John Kawola, president of Ultimaker North America discusses the role 3D printing can have in manufacturing.
Q: You recently made comments about the value of a “manufacturing minute.” Can you go into that in a little bit more detail?
A: Sure. Well, being in the business of selling and marketing 3D printers, … 3D printers are purchased the same way a lot of other productivity tools are purchased in engineering, and design, and manufacturing; similar to CAD software, and other products. It’s all about saving time, getting to a better design, saving money. We want to try to find a way to quantify that in some meaningful way. We put together some data. We looked at some industries like automotive. We looked at general manufacturing to just try to quantify the scale of what time really means. There’s a lot of data in that piece, in terms of the value of a manufacturing minute.
Another theme is really just how much time is “time” really worth, especially when a company is trying to get a product to market. The way to frame that is if a company is one week or one month, or six months, or one year late to market, in a lot of ways, that’s lost revenue during that period of time. That revenue you would have achieved in that week, or month, or year, and people I think often believe that, ‘Well, if you’re delayed, you’ll get it back from just starting later.’ I think that’s … for most cases, not true.
The world is moving quickly. Competition is always emerging. If you’re a week, or a month, or a year late, that’s just lost forever. Really, the goal for that piece was to try to put some numbers around the value of time in the industries that we play in.
Q: How close are we to justify 3D printing or additive manufacturing in that particular industry?
A: Well, I mean manufacturing is broad. Whether it’s people making toys, or shoes, or aerospace … in the aerospace market, automotive market. It’s a very broad definition in manufacturing. I think what is encouraging is a lot of the technologies in additive manufacturing have evolved to the point where these machines can produce products that will meet the technical requirements or the aesthetic requirements that people are looking for. This wasn’t true five or ten years ago, and it’s increasingly true for more and more products every day.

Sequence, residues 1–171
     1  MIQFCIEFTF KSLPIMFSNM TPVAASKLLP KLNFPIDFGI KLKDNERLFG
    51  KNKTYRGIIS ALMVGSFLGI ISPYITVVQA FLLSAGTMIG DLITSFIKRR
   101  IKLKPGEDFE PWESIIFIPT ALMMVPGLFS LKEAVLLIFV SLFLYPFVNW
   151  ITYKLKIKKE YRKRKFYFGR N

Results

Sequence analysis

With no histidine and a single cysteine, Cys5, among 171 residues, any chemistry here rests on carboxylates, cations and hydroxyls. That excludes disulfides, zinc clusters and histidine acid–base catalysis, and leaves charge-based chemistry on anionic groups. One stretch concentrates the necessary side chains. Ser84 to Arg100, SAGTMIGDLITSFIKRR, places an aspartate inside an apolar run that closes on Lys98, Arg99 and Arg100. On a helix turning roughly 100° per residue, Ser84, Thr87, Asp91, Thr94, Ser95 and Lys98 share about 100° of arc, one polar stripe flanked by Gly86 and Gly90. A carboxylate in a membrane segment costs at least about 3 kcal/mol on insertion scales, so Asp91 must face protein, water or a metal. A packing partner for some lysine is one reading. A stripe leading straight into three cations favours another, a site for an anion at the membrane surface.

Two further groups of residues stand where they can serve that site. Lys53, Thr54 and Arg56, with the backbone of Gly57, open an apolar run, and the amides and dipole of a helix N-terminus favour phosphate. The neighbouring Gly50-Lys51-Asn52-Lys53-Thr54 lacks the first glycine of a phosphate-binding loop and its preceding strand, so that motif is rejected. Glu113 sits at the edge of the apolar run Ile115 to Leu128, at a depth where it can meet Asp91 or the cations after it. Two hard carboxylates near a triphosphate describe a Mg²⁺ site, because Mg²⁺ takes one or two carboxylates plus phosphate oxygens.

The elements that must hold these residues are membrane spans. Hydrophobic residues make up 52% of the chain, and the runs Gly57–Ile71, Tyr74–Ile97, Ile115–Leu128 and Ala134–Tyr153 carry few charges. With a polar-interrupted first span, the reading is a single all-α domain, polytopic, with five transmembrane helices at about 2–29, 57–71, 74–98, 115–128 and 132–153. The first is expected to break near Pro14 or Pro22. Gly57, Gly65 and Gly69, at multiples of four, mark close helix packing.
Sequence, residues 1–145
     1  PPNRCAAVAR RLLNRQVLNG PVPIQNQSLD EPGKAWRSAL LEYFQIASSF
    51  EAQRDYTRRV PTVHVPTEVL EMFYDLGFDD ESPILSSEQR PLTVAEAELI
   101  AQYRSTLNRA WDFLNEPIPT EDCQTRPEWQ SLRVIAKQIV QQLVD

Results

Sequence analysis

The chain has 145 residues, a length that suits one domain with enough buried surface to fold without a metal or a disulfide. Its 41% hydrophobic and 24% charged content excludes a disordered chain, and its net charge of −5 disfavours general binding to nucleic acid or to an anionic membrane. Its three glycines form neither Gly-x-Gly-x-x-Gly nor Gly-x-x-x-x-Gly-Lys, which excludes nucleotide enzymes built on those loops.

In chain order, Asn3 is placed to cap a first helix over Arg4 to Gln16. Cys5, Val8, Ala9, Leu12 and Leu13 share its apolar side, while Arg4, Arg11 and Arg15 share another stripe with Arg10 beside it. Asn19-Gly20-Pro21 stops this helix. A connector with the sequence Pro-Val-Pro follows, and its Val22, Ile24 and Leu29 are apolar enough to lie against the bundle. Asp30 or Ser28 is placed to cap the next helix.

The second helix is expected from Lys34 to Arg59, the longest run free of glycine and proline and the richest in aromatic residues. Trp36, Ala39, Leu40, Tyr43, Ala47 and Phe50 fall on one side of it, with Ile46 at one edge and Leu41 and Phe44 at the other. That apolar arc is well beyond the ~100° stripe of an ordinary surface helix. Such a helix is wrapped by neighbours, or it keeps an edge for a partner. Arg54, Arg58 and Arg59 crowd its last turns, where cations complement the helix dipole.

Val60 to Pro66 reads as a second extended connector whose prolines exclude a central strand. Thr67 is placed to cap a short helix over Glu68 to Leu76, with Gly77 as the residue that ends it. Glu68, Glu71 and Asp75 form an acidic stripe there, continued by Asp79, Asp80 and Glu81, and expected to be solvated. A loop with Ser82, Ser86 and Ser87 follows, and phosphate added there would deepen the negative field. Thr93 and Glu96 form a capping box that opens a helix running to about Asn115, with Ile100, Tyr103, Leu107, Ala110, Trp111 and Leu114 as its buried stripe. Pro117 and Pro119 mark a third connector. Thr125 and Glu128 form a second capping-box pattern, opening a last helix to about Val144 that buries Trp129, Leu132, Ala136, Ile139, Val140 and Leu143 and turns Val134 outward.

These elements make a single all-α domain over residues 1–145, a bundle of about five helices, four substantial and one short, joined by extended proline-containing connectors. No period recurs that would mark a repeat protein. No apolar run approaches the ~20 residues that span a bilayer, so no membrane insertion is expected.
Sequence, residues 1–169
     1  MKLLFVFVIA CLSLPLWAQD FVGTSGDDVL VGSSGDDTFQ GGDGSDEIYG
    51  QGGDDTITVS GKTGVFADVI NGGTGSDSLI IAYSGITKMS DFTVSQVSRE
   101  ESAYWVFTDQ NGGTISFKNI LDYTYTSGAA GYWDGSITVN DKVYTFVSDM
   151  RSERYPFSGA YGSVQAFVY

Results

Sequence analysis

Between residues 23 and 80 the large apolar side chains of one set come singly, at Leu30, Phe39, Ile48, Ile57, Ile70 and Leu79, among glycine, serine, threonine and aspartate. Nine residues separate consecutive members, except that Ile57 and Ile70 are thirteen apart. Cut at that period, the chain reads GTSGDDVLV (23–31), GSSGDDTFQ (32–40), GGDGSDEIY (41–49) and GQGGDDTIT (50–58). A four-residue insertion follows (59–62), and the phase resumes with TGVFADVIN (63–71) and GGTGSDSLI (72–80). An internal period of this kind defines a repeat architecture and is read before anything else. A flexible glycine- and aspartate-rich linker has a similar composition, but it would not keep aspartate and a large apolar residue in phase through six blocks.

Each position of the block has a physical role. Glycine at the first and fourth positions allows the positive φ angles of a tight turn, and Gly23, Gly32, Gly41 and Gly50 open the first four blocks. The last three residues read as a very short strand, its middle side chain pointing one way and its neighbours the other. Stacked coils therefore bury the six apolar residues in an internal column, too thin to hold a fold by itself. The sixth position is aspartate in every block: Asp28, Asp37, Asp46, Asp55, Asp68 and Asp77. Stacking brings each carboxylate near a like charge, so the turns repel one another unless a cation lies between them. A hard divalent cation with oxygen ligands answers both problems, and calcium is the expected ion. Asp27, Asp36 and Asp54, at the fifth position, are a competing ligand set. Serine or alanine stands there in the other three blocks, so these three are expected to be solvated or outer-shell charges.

I think there’s two requirements that need to be met for most companies to consider it. One is the part itself. Is it strong enough? Is it smooth enough? Is it sharp enough? Does it meet all the technical requirements that I need? Then, the second half of that is cost. They’re used to making that part a certain way using molding or machining, or some other process. Now, 3D printing is just a different way to do that. You have to compare the costs in both scenarios.
What’s encouraging in additive manufacturing is there’s lots of new development, especially over the last four or five years. Lots of companies pushing the envelope in terms of new technology, but also trying to push the envelope in terms of cost, because if it doesn’t really start to be viable for a meaningful number of applications, then it’ll still be relegated only for prototype.
Q: Regarding installing 3D printing in additive manufacturing in some kind of a manufacturing capacity, what do you see as needing to be addressed by this technology so that it is more useful to manufacturing? Is it a bit of an education issue? Is it a technical issue? Is it just a habitual focus of thought as opposed to why it’s not as … popular as it potentially could be?